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7 Poems by Marius Burokas translated from Lithuanian by Rimas Uzgiris



All those people, still seated

in their cars, in the afternoon

before it ends, work already done.

One hour, two, three.

They wipe their sweaty hands

on pants, or on the seat.

They smoke, and gaze into nowhere.

A feeling of being digested, slowly,

inside intestines, inside other intestines,

inside a Japanese, a Russian, box,

inside the box of God:

packed together in layers, decorated

on the outside with satellites.

And further, further, all is unclear to the eye.

One hour, two.

In no hurry, they ignite their engines

and turn out of forgotten streets.




Translation of “Urviniai” by Marius Burokas,

Būsenos. Lietuvos rašytojų sajungos leidykla, 2005.






After Work Blues


alone after work

a beer and a thriller

on a motley planet

where I kneel down

and create this picture

for myself:


—through the glass, July weather

cools in twilight, children’s shouts

hang in the air

and a neighbor leads out

her shambling rottweiler


and you

my legend, my myth,

close your eyes

and say:


—open me sleeping

with loving hands



do not distinguish, there in the dark,

you from me


only leave in the morning

through blinds drenched in sun,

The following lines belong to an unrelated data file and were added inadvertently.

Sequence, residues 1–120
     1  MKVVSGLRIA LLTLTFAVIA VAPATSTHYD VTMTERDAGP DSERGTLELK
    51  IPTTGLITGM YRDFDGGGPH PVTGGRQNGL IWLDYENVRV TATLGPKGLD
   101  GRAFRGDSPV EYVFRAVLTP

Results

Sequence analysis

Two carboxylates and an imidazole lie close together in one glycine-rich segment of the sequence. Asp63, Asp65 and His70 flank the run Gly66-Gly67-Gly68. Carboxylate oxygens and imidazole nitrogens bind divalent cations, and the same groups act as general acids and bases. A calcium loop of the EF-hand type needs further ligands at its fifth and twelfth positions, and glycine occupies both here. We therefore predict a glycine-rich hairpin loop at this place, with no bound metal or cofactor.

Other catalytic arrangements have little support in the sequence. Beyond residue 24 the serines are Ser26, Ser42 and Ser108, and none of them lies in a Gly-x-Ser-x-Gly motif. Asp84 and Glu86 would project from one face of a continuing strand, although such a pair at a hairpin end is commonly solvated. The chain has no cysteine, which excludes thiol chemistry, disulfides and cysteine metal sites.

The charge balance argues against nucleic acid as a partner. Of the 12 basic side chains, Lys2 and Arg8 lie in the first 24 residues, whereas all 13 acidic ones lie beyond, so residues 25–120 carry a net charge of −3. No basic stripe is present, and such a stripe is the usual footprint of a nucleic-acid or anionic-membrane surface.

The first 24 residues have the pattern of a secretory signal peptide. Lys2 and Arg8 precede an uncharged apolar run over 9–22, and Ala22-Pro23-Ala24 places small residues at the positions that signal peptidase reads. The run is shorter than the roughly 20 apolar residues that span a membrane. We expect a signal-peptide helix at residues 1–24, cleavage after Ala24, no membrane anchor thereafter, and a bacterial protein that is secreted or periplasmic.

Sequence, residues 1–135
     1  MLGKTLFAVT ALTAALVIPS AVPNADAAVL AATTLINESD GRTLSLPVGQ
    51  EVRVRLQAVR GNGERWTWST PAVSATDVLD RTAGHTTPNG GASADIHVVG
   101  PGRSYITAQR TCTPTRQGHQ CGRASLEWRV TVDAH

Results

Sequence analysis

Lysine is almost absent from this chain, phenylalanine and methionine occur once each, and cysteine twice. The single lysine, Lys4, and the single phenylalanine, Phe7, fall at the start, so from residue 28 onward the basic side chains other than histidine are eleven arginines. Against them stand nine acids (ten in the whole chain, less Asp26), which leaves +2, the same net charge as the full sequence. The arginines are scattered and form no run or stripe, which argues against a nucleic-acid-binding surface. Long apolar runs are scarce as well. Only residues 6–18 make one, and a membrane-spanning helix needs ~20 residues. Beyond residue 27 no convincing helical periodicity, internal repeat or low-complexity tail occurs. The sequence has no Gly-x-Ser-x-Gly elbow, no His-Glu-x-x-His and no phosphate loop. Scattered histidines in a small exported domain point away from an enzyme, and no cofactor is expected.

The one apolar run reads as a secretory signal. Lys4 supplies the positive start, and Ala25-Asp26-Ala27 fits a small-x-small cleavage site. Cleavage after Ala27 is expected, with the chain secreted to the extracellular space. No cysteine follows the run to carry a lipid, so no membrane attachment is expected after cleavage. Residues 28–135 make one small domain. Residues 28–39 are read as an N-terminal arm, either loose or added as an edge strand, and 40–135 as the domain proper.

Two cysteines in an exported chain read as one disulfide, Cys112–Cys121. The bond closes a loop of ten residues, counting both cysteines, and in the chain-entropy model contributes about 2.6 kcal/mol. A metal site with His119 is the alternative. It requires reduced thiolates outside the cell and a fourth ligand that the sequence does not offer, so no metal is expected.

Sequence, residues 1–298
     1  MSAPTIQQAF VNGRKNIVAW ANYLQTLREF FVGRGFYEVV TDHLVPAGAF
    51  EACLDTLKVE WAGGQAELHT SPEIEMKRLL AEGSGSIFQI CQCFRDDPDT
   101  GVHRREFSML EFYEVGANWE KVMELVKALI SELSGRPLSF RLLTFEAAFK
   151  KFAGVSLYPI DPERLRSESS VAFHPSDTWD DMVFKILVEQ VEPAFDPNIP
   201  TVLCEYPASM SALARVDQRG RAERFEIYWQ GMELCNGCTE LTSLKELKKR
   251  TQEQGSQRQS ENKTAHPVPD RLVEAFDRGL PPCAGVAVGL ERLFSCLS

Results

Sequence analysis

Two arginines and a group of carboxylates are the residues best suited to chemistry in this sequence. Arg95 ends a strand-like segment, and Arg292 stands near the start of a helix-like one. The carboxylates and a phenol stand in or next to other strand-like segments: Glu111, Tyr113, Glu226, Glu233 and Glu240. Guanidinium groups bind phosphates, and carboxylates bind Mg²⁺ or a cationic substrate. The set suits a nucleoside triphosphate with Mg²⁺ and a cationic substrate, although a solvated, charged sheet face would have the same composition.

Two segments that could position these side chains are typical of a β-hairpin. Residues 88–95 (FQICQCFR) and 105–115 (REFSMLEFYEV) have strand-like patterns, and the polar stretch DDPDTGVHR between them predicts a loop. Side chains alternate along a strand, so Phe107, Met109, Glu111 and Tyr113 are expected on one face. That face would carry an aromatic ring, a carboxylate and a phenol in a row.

loving and strong


— — — — — — —




you fumble your way

to bed

and the planet grows pale




Translation of “Bliuzas ‘Po Darbo'” by Marius Burokas,

Būsenos. Lietuvos rašytojų sajungos leidykla, 2005.







Again, I come face to face with violence.

You find yourself dialing the number—

pressed into black vulcanite, breathed into.

Yes, I felt remorse, because I killed.

Yes, I felt remorse, because I ate and wrote.

I am too ashamed to help anyone.

All it takes is a whistle to close me up.

To cover me over.

You will get no satisfaction from this.


So I unravel myself from my body,

plastering up a sticky cocoon.

I grow strong for autumn, for blackness.

I clutch at a tree trunk.

But this is just a game.

A game. Because nothing hurts.


Nor any pathos for you—

just laughter, and the stained glass

of wings on a sunny morning.